He is a merchant who sent his wife, Mrs. Borofosem, to England and became helpless to her western civilization.  He is forced by his wife to copy everything England as she teaches him what to wear, what to call her and how to kiss her.  The imperfection of western civilization as exposed by Mr. Onyimdze in court brought about great change in his conception and perception of African traditional belief and values, and it becomes evident in his dress-code, foods or appetite and behavioural patterns.


One outstanding style of Kobina Sekyi in The Blinkards is his language variation.  There is a lot of code-switching as Kobina Sekyi subtly switches from his vernacular to the English Language among his characters in the course of events.  His use of language variations, such as: pidgin, vernacular and English, among his characters help to define the various social strata or classes identifiable in the play.  These are evident in the pidgin spoken by Half crown and Mr. Tsiba, the vernacular spoken by Nana, Miss. Tsiba and the English spoken by Mrs. Borofo and members of the Cosmopolitan club, among others.

      This language management peculiarity by Sekyi gives the play a taste of originality, and the identity it deserves.


1.         Discuss the dramatic techniques of the play, The Blinkards.

2.         Write short notes on the following: Mr. Onyimdze, Mr. Tsiba, Mr. Okadu, Mrs. Borofosem, Half Crown and Dr. Onwieyie.


1.         “My dear gentleman of the highway, have mercy on me” illustrates the use of _____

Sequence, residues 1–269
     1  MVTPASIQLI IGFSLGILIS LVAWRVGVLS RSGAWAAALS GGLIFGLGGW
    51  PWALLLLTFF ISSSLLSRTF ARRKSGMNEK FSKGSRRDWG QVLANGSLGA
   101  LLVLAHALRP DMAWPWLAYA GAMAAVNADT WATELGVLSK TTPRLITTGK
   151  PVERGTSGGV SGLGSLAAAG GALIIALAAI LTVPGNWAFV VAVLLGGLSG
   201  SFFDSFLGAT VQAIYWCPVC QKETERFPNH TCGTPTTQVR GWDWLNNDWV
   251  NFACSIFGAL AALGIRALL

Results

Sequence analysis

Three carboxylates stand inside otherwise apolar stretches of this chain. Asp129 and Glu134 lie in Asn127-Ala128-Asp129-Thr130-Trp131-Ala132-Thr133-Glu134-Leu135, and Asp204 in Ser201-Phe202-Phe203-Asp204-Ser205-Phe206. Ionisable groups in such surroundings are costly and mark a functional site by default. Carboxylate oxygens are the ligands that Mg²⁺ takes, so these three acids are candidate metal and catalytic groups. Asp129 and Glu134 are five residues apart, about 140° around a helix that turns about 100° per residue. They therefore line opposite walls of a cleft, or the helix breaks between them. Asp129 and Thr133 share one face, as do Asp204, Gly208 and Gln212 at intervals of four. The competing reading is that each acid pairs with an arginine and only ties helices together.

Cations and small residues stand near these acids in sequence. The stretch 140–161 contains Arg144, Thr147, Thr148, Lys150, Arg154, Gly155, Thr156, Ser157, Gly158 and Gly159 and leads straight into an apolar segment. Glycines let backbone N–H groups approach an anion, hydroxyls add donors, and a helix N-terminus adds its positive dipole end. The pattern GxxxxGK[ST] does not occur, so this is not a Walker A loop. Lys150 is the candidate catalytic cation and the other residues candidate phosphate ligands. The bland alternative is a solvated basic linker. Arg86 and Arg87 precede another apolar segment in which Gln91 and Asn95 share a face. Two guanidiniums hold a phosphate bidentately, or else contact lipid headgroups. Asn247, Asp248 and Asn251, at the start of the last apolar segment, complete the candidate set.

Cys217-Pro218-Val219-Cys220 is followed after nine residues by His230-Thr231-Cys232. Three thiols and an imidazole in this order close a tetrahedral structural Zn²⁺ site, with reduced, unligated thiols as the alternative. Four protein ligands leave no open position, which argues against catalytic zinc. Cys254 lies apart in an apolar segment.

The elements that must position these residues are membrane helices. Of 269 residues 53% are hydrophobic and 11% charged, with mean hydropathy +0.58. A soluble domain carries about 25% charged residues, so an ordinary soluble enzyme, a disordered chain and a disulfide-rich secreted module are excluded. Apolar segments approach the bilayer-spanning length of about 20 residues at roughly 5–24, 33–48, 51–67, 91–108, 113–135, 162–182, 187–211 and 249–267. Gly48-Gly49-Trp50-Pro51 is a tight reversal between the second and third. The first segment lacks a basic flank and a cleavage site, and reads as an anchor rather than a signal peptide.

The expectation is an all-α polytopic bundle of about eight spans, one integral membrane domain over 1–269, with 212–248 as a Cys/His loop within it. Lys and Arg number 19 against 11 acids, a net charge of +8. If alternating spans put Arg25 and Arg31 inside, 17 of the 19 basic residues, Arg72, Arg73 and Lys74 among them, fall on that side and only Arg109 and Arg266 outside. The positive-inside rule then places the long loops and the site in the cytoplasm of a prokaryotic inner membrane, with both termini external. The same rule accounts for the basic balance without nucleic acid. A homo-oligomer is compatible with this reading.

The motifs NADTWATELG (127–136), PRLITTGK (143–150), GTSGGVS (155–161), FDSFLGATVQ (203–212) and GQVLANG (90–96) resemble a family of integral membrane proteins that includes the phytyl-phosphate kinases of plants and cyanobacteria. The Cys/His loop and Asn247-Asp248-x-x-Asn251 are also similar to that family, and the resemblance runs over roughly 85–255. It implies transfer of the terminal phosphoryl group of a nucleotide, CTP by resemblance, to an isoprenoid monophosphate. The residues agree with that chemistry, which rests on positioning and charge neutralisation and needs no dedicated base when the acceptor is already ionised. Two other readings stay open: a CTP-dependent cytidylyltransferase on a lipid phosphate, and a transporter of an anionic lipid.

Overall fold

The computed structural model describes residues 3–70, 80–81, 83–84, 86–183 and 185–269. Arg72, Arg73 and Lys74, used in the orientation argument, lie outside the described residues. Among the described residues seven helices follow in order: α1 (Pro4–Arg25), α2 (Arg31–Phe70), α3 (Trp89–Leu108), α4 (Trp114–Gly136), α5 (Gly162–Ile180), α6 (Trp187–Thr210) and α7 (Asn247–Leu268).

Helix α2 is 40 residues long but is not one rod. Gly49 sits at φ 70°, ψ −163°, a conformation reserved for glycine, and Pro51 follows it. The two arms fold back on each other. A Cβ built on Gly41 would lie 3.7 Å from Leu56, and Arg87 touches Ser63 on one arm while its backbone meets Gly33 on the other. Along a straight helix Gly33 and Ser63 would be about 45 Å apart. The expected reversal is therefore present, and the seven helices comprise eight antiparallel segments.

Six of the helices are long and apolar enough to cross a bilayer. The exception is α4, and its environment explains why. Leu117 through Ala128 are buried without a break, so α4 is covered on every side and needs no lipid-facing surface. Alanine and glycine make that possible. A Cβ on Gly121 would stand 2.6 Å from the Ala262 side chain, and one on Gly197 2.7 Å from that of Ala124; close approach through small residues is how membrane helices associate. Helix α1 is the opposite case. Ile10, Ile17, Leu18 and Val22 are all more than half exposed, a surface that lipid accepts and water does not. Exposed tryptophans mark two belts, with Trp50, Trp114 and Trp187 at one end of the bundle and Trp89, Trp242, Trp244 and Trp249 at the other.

(a)  euphemism    (b)  simile    (c)  hyperbole     (d)  oxymoron    (e)  paradox

2.         When an author narrates a story in form of a letter, it is known as a/an _______ work.

            (a)  epistolary    (b)  modern    (c)  tradition    (d)  paradoxical      (e)  Shakespearean

3.         The absence of punctuation mark at the end of each line of a poem exemplifies the use of __________

            (a)  caesura    (b)  end-stopped line      (c)  enjambment    (d)  rhyme    (e)  rhythm

4.         One of the main aims of a didactic piece of literary work is to __________

            (a)  arouse the interest of the audience   (b)  entertain the audience    (c)  force the spectators into believing      (d)  ridicule the society    (e)  teach a moral lesson

5.         The technique used to arouse anxiety in a work of art is called _______

            (a)  innuendo     (b)  setting      (c)  story      (d)  suspense     (e)   theme


1          Discuss two major themes of the book, The Blinkards.

2.         Discuss the role of Mrs. Borofosem in the play, The Blinkards.


1           Exam Reflection Literature-in-English (Drama & Prose) by Sunday Olateju Faniyi, pgs 32-62.